In the second article in the Talk Nanotech special series, we have a guest article by Shalini Dharmawardena, Senior Economist (Economic Research Department) – Central Bank of Sri Lanka. She argues that the industrial thrust, budgetary allocations, commitment of financial institutions, education policy, and private sector enthusiasm will be the key success factors in achieving a competitive edge for Sri Lanka in the international nanotechnology arena. She emphasises that collaboration is essential, with a synergy of state allocated funds, private sector participation, expatriate scientists contribution, and the financial sector involvement.
Sri Lanka banned the imports of Genetically Modified (GM) food in 2001, becoming the first country in the world to do so. However, in 2006, the government passed an Extra-Ordinary Gazette to the Food Act of 1980, allowing GM food importation and in 2011 the government passed a National Policy on Biosafety which covers the import of Genetically Modified Organisms (GMOs), i.e., GM food or GM crops. But do we really know what is and isn’t GM? Should we be worried? How important is the GMO issue for Sri Lanka? This article attempts to answer these questions by discussing the present scenario of GMOs in Sri Lanka in the global context. Author Dilani Hirimuthugodage argues that neither the full-scale adoption nor the full-scale rejection of GMOs is a viable option.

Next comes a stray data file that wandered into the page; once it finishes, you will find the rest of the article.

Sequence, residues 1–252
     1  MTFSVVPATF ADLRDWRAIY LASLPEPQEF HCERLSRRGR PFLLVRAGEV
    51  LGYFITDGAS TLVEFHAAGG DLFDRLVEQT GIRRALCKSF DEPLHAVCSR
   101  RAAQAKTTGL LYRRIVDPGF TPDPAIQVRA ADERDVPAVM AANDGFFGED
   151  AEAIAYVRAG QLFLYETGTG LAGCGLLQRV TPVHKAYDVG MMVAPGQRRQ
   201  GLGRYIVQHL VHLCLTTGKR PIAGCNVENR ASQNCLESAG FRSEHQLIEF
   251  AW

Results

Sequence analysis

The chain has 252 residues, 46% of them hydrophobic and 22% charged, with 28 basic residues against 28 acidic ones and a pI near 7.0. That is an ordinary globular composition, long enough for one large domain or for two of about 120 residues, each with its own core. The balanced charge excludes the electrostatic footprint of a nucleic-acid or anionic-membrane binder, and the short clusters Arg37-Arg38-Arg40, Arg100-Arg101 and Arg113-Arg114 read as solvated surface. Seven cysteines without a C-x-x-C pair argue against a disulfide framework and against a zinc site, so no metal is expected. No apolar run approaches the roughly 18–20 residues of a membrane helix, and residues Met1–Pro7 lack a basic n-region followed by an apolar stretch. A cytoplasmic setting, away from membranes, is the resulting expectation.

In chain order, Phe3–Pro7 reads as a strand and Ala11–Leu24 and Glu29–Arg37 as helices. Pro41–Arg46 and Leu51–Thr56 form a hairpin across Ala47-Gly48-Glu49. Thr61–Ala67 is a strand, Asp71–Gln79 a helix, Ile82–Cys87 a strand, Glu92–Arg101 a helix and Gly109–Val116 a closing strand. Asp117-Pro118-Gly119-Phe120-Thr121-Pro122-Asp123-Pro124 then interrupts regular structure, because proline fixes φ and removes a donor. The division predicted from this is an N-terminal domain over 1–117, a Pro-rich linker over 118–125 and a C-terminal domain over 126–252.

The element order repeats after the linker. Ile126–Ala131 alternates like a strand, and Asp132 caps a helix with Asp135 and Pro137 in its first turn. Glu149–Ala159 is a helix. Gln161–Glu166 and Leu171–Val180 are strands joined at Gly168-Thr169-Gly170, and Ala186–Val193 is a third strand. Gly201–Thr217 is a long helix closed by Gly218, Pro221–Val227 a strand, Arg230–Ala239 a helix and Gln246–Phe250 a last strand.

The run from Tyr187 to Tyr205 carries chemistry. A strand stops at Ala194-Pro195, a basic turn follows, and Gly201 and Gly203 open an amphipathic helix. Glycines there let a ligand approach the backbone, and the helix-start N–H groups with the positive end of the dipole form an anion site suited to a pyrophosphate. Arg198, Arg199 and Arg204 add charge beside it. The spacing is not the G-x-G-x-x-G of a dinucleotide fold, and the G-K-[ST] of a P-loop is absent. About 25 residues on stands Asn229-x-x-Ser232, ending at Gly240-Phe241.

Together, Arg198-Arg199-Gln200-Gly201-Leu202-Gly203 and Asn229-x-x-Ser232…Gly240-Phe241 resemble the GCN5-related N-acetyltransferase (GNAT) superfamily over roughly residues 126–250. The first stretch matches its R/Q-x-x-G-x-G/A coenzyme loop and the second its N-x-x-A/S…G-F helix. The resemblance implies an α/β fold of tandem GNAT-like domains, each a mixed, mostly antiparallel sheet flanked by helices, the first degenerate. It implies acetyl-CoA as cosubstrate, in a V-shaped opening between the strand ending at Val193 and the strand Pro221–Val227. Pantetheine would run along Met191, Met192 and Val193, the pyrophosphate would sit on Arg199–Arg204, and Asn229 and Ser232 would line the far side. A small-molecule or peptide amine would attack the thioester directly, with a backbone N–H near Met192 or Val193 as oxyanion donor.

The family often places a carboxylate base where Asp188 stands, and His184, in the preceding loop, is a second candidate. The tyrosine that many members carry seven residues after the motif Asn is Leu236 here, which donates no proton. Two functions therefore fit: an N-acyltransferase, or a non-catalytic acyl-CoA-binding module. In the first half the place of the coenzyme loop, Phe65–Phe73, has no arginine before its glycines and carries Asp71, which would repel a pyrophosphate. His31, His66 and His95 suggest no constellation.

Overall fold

The Narrow Human Resource Base in Science and Technology Could Constrain Sri Lanka’s Knowledge Economy Ambitions
Around the world, knowledge and innovation have become the drivers of global competitiveness. Countries are competing with each other to invest more on Research and Development (R&D) to help create more novel technologies to gain comparative advantages in knowledge. Workers in Science and Technology (S&T) are a key element of this. Towards understanding Sri Lanka’s development prospects from a human resource perspective, this article hopes to define and quantify the S&T human resources in the country and assess the quality of the S&T workers for their innovative potential.
In our first article in the new series ‘Talk Nanotech’, nanotechnology evangelist and former head of SLINTEC, Prof. Ajith De Alwis, discusses Sri Lanka’s National Nanotechnology Initiative in the context of the economy’s drive to become more innovative and competitive, and warns that lack of commitment could derail the valuable gains made so far. He calls for a focussed thrust on developing Sri Lanka’s nanotechnology potential, with strong political leadership.
> By Anushka Wijesinha, Research Economist – IPS Innovation is beyond research, it requires clever commercialization Sri Lanka needs to take a 360 degree approach to innovation policy As Apple’s co-founder Steve Jobs bids adieu to an ipod/iphone/ipad/macbook crazed world, …